Author Topic: 3D Printing  (Read 1272 times)

Ulma Doctor

3D Printing
« on: October 06, 2019, 04:11:23 PM »
Hey Guys,
i'm really taking a fascination with 3d printing.
i have resisted cnc and gcode with a valiant effort , but i have fallen into amazement with what can be done.

i bought a Ender 3 3d printer kit from amazon for about $230- (i hear they are cheaper if you shop around)
i bought a 2.2lb spool of 1.75mm white and 2.2lbs of 1.75mm black which added $32
i assembled the unit in about an hour, but i took another hour to just check it all over.
the printer came with a SD Card to store files on, as well as the Slicer software.
the slicer software is basically the interface between the human and the g-code
the g code is what tells the individual motors and 3d extruder what to do
i was a little intimidated by the nomenclature of unknown things, but it really is simple to use and learn .
simply put, you'll load a 3d image through a .STL file, into the slicer engine
from the slicer engine, you can edit the part as necessary in most cases, or you can simply slice the object as the file specifies
after the object is sliced, it can be loaded onto the sd card
from there, you ask the printer to print the file from the sd card and it runs the print without any further input.
the first print came out perfectly for me, but i had spent a long time leveling the bed as a trade off.
i watched a ton of CHEP's video's on youtube (   )
he made things very easy to understand
with the new knowledge, i was able to print some pretty cool things
here is an early print

8 Lathes, 5 Milling Machines, 6 Welders, 2 Surface Grinders, Shop Smith & woodworking stuff too !!!


Ulma Doctor

Re: 3D Printing
« Reply #1 on: October 06, 2019, 04:12:30 PM »
thor's hammer
8 Lathes, 5 Milling Machines, 6 Welders, 2 Surface Grinders, Shop Smith & woodworking stuff too !!!



Re: 3D Printing
« Reply #2 on: October 06, 2019, 05:54:33 PM »
My son is wanting to buy one, some day.  Spends more money on his truck than instead.  We'll get one sooner or later. 


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Re: 3D Printing
« Reply #3 on: October 06, 2019, 06:21:17 PM »
I've been very tempted to get one for creating patterns for sand casting. There would be almost no end to what patterns you could make. But, so far I've resisted the temptation and stick with doing things the old fashioned way.   ;D

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Re: 3D Printing
« Reply #4 on: October 07, 2019, 02:01:18 PM »
I was very tempted to get an Ender 3 as well for a few months. Finally found a 3d printing forum to ask questions on, and the consensus was that I wouldn't be happy with it, and insisted that I spend near $1,000 on a printer. I decided I'd rather spend that kind of money on machines and tools. I'll probably end up buying an ender 3 at some point if I decide a project has no other option, or I find a good deal on one. Good luck. I'm very interested to hear how it goes.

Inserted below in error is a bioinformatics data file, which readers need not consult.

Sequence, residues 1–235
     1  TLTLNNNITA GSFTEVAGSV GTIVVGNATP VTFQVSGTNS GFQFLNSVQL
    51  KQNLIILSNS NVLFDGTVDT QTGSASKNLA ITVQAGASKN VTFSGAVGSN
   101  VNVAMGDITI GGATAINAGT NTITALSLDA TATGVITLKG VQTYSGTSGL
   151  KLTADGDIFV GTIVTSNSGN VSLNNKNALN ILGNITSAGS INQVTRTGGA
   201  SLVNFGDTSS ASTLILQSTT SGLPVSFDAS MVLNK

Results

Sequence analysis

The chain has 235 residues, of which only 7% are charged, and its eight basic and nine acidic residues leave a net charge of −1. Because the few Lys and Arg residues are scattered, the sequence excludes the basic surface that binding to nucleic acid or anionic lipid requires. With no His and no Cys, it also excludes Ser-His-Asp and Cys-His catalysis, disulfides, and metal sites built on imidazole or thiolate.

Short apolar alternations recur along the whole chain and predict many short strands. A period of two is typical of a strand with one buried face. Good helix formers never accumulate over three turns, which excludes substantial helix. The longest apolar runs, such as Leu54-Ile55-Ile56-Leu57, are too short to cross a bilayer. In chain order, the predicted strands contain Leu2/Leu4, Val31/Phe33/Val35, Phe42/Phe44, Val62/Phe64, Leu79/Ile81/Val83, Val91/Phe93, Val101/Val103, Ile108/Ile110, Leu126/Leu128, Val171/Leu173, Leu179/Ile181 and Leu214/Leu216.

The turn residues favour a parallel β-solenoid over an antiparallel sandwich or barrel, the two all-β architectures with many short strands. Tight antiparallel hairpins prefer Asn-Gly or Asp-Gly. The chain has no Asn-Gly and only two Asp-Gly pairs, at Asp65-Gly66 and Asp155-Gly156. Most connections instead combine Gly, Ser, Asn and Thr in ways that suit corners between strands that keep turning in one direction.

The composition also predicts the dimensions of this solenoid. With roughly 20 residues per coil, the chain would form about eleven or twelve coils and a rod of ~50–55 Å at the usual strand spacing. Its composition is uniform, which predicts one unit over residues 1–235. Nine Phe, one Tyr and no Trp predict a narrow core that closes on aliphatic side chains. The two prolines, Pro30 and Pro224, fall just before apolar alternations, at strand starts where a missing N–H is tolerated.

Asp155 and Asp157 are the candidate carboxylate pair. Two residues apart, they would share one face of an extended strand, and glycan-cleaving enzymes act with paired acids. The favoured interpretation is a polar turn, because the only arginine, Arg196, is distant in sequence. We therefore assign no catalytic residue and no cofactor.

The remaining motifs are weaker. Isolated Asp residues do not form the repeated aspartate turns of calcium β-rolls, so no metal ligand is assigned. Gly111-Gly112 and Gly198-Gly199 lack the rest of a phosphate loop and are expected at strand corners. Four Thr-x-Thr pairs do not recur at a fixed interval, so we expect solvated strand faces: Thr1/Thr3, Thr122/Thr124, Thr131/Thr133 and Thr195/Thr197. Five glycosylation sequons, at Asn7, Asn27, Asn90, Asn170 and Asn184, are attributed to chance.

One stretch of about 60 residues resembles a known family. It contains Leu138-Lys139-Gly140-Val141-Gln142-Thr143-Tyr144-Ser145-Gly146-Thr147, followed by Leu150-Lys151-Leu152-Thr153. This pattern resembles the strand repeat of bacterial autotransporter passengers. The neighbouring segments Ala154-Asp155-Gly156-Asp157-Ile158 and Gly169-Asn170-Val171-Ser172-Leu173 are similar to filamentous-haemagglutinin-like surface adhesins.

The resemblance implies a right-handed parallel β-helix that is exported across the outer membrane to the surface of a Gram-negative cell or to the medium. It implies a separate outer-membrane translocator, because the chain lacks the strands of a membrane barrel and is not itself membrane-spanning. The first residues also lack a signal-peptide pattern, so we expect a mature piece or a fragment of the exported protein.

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Re: 3D Printing
« Reply #5 on: October 08, 2019, 08:17:08 AM »
Congrats on the new ďmachineĒ! 
At work I have used 3D printed patterns for sand casting since around 2005
Itís definitely viable process in the right circumstances for the right end product types but honestly for us, CNC milling them from modeling board is still the fastest and cheapest method.   After years of waiting for the technology to advance and the price to come down we more more less realized that unless you are doing geometrically complex, high dollar value product its hard to justify.   In the case of hobbyists though these inexpensive printers are amazing.   
Opens up a whole new world of whatís possible in ones garage or basement

1991 Bridgeport Series I 2J-VS  9"x48"
1979 Clausing Colchester Bantam Mk2 11"x30"
1972 Harig Super 612
2015 Tormach PCNC-1100 Mill

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Re: 3D Printing
« Reply #6 on: April 08, 2020, 01:56:48 PM »
Iíve been messing around with my Ender for a few months now.

Mostly pulling things down from Thingiverse and using the Cura slicing program to play with quality and print time.

Iíve made a few prototypes for plasma and waterjet using eMachineshop and more recently Fusion360.

Came out nice to be able to try stuff out before paying someone to cut it for me.

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Re: 3D Printing
« Reply #7 on: May 26, 2020, 08:02:07 AM »
I have one of the Anycubic Photon's.   I use it for printing model parts.  the build volume is only 115 x 65 x 155 mm  but it does what I need.